When presenting part of the Reinforcement Learning theory tutorial at ICML 2006, I was forcibly reminded of this.
There are several difficulties.
- When creating the presentation, the correct level of detail is tricky. With too much detail, the proof takes too much time and people may be lost to boredom. With too little detail, the steps of the proof involve too-great a jump. This is very difficult to judge.
- What may be an easy step in the careful thought of a quiet room is not so easy when you are occupied by the process of presentation.
- What may be easy after having gone over this (and other) proofs is not so easy to follow in the first pass by a viewer.
These problems seem only correctable by process of repeated test-and-revise.
- When presenting the proof, simply speaking with sufficient precision is substantially harder than in normal conversation (where precision is not so critical). Practice can help here.
- When presenting the proof, going at the right pace for understanding is difficult. When we use a blackboard/whiteboard, a natural reasonable pace is imposed by the process of writing. Unfortunately, writing doesn’t scale well to large audiences for vision reasons, losing this natural pacing mechanism.
- It is difficult to entertain with a proofÃ¢â‚¬â€there is nothing particularly funny about it. This particularly matters for a large audience which tends to naturally develop an expectation of being entertained.
Given all these difficulties, it is very tempting to avoid presenting proofs. Avoiding the proof in any serious detail is fairly reasonable in a conference presentation—the time is too short and the people viewing are too heavily overloaded to follow the logic well. The “right” level of detail is often the theorem statement.
Nevertheless, avoidance is not always possible because the proof is one of the more powerful mechanisms we have for doing research.
Rexa is now publicly available. Anyone can create an account and login.
Rexa is similar to Citeseer and Google Scholar in functionality with more emphasis on the use of machine learning for intelligent information extraction. For example, Rexa can automatically display a picture on an author’s homepage when the author is searched for.
In 2001, the “Journal of Machine Learning Research” was created in reaction to unadaptive publisher policies at MLJ. Essentially, with the creation of the internet, the bottleneck in publishing research shifted from publishing to research. The declaration of independence accompanying this move expresses the reasons why in greater detail.
MLJ has strongly changed its policy in reaction to this. In particular, there is no longer an assignment of copyright to the publisher (*), and MLJ regularly sponsors many student “best paper awards” across several conferences with cash prizes. This is an advantage of MLJ over JMLR: MLJ can afford to sponsor cash prizes for the machine learning community. The remaining disadvantage is that reading papers in MLJ sometimes requires searching for the author’s website where the free version is available. In contrast, JMLR articles are freely available to everyone off the JMLR website. Whether or not this disadvantage cancels the advantage is debatable, but essentially no one working on machine learning argues with the following: the changes brought by the creation of JMLR have been positive for the general machine learning community.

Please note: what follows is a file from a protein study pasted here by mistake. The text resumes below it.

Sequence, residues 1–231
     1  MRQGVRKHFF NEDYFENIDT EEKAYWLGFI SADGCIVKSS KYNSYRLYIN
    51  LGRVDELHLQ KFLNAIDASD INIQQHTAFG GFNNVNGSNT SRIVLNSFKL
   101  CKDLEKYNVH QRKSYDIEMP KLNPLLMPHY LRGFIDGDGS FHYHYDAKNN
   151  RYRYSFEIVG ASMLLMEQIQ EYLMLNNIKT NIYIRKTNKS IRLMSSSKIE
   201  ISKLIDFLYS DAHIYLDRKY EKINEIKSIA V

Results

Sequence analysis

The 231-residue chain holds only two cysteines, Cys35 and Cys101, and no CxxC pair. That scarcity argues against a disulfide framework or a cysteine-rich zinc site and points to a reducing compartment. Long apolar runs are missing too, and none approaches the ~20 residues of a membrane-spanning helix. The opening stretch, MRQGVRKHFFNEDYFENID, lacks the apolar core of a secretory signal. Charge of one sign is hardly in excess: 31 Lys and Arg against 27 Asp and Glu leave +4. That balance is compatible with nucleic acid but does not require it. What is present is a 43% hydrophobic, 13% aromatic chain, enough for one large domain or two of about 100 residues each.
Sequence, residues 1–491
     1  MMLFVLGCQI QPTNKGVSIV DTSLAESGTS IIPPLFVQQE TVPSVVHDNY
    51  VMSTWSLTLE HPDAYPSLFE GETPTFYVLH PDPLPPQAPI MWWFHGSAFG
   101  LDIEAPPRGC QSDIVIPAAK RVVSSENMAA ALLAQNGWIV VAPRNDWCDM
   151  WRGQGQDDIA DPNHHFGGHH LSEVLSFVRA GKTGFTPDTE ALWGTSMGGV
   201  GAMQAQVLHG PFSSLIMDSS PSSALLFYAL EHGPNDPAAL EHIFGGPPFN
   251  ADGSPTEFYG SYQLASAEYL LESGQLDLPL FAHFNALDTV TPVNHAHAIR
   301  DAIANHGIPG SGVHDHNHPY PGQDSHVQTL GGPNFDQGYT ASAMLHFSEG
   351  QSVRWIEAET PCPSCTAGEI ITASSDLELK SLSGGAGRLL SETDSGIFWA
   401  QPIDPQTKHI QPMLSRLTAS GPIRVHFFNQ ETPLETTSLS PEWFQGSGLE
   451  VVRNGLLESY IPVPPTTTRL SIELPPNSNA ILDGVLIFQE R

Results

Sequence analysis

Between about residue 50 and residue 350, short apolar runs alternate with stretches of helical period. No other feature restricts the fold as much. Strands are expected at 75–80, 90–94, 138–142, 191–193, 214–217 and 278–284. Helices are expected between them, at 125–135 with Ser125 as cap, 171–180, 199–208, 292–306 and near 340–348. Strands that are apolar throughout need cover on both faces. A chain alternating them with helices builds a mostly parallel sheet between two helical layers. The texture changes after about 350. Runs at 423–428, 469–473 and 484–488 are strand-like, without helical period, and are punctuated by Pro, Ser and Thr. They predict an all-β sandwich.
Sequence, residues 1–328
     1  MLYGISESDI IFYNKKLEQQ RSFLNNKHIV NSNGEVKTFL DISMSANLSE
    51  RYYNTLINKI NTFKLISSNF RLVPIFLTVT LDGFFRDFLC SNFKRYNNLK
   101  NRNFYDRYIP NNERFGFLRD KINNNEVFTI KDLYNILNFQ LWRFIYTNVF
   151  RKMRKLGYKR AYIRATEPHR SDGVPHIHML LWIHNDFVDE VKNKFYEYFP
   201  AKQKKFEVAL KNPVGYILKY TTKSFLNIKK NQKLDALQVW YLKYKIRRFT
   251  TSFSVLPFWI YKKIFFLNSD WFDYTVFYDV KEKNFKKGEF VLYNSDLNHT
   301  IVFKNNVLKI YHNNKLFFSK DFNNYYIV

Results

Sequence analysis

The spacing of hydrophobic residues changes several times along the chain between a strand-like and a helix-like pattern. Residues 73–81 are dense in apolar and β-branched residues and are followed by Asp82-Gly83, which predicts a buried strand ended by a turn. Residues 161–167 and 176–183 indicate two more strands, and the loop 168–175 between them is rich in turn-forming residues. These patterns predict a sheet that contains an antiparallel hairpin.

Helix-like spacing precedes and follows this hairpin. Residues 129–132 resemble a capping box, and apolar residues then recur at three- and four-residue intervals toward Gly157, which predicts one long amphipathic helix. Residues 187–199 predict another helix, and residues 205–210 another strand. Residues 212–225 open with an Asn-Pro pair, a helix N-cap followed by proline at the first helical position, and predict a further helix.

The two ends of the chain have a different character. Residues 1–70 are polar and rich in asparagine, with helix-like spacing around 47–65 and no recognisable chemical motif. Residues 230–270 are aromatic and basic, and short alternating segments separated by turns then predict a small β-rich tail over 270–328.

This model can and should be emulated in other areas of research where publishers are not behaving in a sufficiently constructive manner. Doing so requires two vital ingredients: a consensus of leaders to support a new journal and the willigness to spend the time and effort setting it up. Presumably, some lessons on how to do this have been learned by the editors of JMLR and they are willing to share it.
(*) Back in the day, it was typical to be forced to sign over all rights to your journal paper, then ignore this and place it on your homepage. The natural act of placing your paper on your webpage is no longer illegal.
For most people, a mathematical notation is like a language: you learn it and stick with it. For people doing mathematical research, however, this is not enough: they must design new notations for new problems. The design of good notation is both hard and worthwhile since a bad initial notation can retard a line of research greatly.